Chinese Banks’ Bond Risk Rises Most in Asia Amid Moody’s Warning

Chinese Banks’ Bond Risk Rises Most in Asia Amid Moody’s Warning
Pedestrians walk past a Bank of China Ltd. branch in Beijing. Photographer: Tomohiro Ohsumi/Bloomberg

Bank of China Ltd., Export-Import Bank of China and China Development Bank Corp. led gains in Asian bond risk last week as Moody’s Investors Service and Standard & Poor’s warn credit curbs threaten some lenders.

Prices of swaps tied to Bank of China, the nation’s fourth-largest lender, rose 70.4 basis points last week to 192.4, the biggest increase among members of the Markit iTraxx Asia index of 40 investment-grade borrowers outside Japan, according to data provider CMA. The cost of insuring Asian corporate and sovereign bonds from default surged 27.6 basis points last week, the most since November 2011, CMA prices show.

CDB, the nation’s biggest policy lender, scrapped a bond sale as the People’s Bank of China said today that lenders must control liquidity risks from credit expansion. The country’s worst cash crunch on record last week sent the one-year yield on AAA corporate debt to 5.17 percent, the highest since November 2011. The PBOC’s methods of limiting liquidity threaten small and medium-sized banks that are more dependent on the interbank market, Moody’s wrote in a report today. Profitability of some lenders could also be hit, according to Standard & Poor’s.

“Non-performing loans are likely to rise more rapidly in the coming months as weaker borrowers find refinancing conditions more challenging,” Bin Hu, senior analyst at Moody’s, wrote in the report. “Another risk is that the PBOC’s actions will make banks more nervous about each other’s creditworthiness.”

The gauge of Asian bond risk advanced 8 basis points to 168 basis points as of 1:42 p.m. in Hong Kong today, Royal Bank of Scotland Group Plc prices show.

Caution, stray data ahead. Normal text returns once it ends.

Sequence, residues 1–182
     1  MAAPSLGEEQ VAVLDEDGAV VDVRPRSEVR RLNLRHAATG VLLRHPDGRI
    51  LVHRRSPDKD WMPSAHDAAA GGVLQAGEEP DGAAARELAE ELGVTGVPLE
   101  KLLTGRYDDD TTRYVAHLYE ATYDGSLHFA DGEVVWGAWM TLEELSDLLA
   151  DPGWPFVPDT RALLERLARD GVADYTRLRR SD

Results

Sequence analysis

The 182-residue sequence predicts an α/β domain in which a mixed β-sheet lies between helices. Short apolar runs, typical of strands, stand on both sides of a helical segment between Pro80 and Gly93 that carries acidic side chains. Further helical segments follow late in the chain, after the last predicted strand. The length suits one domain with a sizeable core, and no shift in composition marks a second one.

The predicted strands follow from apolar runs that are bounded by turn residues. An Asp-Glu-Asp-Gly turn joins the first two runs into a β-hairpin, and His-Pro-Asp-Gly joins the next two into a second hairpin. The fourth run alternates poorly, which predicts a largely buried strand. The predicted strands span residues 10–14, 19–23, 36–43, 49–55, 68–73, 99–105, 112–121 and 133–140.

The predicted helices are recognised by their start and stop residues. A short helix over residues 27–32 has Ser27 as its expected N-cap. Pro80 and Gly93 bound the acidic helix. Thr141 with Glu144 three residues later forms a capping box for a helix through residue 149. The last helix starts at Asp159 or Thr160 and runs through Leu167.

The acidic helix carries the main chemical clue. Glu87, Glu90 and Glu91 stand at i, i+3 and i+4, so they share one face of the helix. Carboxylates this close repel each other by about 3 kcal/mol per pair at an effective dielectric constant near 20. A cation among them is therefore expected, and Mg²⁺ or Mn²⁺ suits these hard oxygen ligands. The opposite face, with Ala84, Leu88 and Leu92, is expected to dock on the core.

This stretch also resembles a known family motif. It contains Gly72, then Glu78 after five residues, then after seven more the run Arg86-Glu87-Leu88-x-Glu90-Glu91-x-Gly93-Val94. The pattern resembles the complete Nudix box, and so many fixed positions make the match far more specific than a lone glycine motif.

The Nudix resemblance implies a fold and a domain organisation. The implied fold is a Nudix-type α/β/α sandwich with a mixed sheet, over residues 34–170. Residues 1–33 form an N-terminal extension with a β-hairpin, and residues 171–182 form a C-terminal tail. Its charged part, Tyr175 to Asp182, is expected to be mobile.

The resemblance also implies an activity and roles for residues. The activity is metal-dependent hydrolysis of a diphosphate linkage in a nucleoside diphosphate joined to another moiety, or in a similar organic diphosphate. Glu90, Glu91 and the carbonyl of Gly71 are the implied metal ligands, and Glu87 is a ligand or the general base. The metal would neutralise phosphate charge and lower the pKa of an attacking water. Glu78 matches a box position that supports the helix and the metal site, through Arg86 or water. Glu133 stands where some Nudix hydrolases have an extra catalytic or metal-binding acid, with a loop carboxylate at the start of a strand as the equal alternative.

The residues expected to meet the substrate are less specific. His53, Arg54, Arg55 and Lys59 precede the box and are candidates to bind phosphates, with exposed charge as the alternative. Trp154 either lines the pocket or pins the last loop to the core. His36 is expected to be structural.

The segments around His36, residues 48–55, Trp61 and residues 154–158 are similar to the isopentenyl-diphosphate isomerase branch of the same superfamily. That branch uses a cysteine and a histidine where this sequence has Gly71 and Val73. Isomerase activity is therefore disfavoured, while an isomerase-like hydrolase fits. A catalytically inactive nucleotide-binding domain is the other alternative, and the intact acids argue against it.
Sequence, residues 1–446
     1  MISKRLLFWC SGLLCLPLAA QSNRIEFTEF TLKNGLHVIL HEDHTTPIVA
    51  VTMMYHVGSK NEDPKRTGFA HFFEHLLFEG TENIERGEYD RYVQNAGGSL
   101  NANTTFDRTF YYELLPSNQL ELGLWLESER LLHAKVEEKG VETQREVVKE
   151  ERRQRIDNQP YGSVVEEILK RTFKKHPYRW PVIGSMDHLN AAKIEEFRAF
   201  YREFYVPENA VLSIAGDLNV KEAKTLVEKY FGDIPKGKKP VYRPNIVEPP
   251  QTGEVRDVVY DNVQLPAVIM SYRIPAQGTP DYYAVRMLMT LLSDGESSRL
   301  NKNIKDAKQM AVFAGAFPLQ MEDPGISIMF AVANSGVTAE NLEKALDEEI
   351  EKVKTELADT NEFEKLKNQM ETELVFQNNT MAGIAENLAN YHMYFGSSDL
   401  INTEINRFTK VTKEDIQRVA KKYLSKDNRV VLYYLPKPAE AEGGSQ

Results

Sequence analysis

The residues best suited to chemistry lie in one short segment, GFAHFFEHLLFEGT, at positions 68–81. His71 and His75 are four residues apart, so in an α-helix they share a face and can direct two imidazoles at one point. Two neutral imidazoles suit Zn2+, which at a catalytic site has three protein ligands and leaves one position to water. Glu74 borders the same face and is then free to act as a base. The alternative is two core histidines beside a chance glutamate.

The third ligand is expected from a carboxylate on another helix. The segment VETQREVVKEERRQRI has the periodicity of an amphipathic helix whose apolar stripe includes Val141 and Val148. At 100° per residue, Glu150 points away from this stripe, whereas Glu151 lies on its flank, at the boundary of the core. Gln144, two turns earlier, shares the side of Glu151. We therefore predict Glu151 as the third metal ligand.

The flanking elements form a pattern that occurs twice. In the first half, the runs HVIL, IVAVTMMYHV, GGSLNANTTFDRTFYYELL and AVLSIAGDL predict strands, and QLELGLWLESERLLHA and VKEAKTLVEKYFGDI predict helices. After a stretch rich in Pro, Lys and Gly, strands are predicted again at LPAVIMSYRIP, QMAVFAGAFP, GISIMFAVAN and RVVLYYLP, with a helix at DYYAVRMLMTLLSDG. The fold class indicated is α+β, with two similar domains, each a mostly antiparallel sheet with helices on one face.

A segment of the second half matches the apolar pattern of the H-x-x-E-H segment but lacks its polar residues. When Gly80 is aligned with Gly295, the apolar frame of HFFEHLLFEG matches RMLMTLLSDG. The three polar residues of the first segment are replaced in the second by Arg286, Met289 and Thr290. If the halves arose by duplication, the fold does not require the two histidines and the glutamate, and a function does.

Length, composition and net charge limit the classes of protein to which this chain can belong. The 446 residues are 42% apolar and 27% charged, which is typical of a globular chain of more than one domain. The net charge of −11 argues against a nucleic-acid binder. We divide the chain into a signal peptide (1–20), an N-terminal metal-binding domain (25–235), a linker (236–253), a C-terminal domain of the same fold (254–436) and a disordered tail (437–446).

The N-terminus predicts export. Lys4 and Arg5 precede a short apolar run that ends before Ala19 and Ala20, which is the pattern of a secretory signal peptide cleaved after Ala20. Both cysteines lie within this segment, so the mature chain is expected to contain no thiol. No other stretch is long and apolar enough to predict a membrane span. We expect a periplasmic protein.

Rates Spike

Interbank lending rates spiked last week as the monetary authority refrained from using open-market operations to address a cash crunch in the world’s second-largest economy. The central bank later used reverse-repurchase agreements to inject funds into selected banks, financial news website Hexun reported June 21, citing an unidentified person close to the PBOC. Banking system liquidity is at reasonable levels, the central bank said in an announcement on its website today.

Tight liquidity could damage the profitability of banks with aggressive liquidity management, S&P credit analyst Ritesh Maheshwari said in an e-mailed report today.

Persistent tight liquidity could constrain the ability of some banks to repay maturing wealth-management products, Fitch Ratings cautioned last week. Still, curbing credit growth to prevent a build-up of excessive leverage is good for China’s banking system overall, Moody’s wrote in its report.

Yields Rise

The average premium that Chinese issuers pay to sell U.S. dollar-denominated bonds rose for a third consecutive week in the period to June 21, the longest streak since that ending March 29, according to JPMorgan Chase & Co. indexes. Yields on Bank of China’s 5.55 percent subordinated bonds due February 2020 soared 43 basis points to 4.74 percent, the biggest weekly gain since August 2011, Bloomberg prices show.

The Markit iTraxx Australia index climbed 8.5 basis points to 147.5 basis points as of 3:47 p.m. in Sydney, according to Deutsche Bank AG. The measure is on course for its highest close since Nov. 16, after advancing 14.8 basis points last week, the most since the period ended March 22, according to CMA, which is owned by McGraw-Hill Cos. and compiles prices quoted by dealers in the privately negotiated market.

The Markit iTraxx Japan index rose 2.5 basis points to 118.5 as of 2:21 p.m. in Tokyo, Citigroup Inc. prices show. The gauge is on track for its highest close since March 4, according to CMA.

Credit-default swap indexes are benchmarks for protecting bonds against default and traders use them to speculate on credit quality. A drop signals improving perceptions of creditworthiness, while an increase suggests the opposite.

The swap contracts pay the buyer face value in exchange for the underlying securities if a borrower fails to meet its debt agreements.

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